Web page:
I think the number one reason people don't workout is that they try it once, they hurt themselves, and then it's "screw this, I'm done." What people don't realize is that recreational centers, with the exception of the people that I've talked about previously, are honestly a very welcoming environment. Avid lifters would be more than willing to help the inexperienced if they just asked. In the cases for some people, it would probably make their day. There's also a reason that the rec prohibits sleeveless shirts - and it's not so the hoggers leave the machines all sweaty. It's because they don't want people to feel intimidated by those who exercise regularly. They want people to embrace the idea of being active, and it's hard to promote that when most times it's painfully obvious who's been working out and who hasn't.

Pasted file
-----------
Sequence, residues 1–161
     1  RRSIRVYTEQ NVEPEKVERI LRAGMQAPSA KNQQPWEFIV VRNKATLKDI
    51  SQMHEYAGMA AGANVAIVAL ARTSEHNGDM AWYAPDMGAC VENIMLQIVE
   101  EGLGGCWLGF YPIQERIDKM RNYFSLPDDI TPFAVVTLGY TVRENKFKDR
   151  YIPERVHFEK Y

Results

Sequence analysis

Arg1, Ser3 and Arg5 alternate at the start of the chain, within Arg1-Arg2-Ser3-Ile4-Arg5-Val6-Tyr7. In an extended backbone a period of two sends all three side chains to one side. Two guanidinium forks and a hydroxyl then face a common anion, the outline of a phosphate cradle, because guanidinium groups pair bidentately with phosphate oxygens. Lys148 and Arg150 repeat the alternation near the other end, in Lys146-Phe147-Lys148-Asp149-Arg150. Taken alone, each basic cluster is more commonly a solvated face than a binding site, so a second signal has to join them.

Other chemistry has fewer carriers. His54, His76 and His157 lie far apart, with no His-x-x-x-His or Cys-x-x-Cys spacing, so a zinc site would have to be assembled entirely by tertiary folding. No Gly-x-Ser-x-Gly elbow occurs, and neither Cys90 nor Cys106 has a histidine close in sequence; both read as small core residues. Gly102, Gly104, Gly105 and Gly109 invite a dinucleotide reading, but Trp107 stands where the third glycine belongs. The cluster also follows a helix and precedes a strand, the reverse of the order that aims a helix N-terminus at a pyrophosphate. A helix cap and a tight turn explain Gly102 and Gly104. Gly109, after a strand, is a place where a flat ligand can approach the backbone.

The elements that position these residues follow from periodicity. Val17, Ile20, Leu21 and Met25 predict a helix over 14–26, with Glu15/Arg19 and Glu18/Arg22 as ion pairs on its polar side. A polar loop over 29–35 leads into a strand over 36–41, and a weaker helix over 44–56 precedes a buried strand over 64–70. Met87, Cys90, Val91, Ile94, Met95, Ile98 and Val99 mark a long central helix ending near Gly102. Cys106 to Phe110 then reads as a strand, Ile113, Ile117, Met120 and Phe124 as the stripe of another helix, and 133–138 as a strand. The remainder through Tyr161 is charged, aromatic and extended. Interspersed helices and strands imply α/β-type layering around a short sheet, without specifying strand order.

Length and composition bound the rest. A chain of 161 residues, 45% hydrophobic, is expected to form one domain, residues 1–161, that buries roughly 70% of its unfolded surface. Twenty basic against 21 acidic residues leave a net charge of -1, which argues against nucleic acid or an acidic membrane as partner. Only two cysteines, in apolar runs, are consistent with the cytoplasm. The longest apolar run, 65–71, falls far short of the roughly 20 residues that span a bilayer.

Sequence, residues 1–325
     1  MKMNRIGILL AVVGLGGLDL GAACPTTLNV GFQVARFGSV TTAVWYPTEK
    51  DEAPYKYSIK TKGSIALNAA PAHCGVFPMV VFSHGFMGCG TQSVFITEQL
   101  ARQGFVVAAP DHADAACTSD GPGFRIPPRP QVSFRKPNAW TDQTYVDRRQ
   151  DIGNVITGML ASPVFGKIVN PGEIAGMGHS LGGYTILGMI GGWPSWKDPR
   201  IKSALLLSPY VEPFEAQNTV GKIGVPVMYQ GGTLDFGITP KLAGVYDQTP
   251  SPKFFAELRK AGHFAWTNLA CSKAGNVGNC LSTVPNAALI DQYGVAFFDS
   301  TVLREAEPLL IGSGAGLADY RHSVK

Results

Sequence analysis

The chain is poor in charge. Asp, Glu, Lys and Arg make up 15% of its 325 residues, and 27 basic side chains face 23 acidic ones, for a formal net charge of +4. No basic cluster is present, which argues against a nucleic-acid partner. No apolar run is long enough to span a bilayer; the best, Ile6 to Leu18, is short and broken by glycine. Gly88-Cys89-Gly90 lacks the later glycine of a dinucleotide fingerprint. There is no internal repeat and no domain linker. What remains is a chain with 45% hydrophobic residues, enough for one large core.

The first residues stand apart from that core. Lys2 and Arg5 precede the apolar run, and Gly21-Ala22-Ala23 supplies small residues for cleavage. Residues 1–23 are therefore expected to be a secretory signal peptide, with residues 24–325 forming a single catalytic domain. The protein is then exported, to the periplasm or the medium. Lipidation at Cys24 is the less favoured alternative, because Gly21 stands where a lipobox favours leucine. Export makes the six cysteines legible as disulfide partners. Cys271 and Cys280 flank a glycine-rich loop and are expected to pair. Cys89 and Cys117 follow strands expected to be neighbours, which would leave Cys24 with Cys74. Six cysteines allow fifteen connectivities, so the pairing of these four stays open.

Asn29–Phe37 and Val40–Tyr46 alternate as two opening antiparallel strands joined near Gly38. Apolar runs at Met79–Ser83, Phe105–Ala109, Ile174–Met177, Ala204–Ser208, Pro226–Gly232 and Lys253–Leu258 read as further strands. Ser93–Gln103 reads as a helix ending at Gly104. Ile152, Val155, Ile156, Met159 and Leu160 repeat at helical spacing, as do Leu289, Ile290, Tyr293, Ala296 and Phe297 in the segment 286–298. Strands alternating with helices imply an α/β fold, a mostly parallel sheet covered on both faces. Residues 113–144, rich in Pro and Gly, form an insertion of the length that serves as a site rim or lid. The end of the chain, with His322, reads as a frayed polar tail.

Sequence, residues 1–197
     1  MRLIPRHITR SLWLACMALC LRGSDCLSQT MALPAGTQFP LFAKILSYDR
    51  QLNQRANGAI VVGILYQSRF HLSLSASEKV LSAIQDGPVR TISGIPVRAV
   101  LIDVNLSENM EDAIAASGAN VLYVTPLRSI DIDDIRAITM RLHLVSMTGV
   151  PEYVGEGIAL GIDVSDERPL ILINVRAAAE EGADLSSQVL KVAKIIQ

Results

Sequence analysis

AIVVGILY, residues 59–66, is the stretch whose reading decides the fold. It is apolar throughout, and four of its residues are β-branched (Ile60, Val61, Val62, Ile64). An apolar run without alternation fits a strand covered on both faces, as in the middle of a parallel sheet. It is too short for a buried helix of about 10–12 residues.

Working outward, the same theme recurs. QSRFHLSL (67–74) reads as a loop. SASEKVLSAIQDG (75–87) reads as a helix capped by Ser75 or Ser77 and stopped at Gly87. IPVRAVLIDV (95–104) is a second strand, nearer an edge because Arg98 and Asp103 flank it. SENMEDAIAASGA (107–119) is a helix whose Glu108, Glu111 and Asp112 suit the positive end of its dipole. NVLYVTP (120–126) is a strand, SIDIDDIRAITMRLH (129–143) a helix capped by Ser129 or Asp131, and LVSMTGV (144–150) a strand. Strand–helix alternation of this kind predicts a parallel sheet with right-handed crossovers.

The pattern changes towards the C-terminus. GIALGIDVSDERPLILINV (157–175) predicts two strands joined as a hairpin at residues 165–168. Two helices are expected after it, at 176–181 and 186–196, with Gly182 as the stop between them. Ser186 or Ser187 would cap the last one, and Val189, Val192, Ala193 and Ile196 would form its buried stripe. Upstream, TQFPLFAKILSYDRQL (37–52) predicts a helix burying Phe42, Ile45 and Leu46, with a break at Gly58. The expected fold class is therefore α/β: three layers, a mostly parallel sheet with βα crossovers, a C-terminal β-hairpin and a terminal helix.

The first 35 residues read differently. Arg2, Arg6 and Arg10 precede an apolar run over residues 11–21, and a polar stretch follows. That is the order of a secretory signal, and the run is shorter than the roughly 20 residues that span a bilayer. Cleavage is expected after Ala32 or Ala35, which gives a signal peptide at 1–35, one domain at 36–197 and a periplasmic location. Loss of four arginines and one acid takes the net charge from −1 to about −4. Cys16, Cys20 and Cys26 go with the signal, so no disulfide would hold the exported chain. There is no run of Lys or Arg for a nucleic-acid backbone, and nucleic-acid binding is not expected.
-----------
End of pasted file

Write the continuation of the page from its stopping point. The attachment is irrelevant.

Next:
I didn't create this blog to express the idea that I'm smart and everybody else is stupid - I think that's the biggest misconception, and why people get so stirred up all the time. I'm just a rational person who thinks rationally and wants everybody else to board the rational train with me - and most importantly this is my therapy. I could either spend the entire day thinking about that douchebag who was power cleaning at the rec (which shouldn't bother me, but it does and it festers), or I could blog about it, move on, and be done. That is why I do this, and hopefully I can entertain a few people in the process.

In closing, I would like to say Julie: I'm patiently waiting. I can't wait to see what the other half of Northstar has got brewing over there. But just remember to be careful. Although I don't get offended by much, I can dish it out just as good as I can take it..............that's what she said.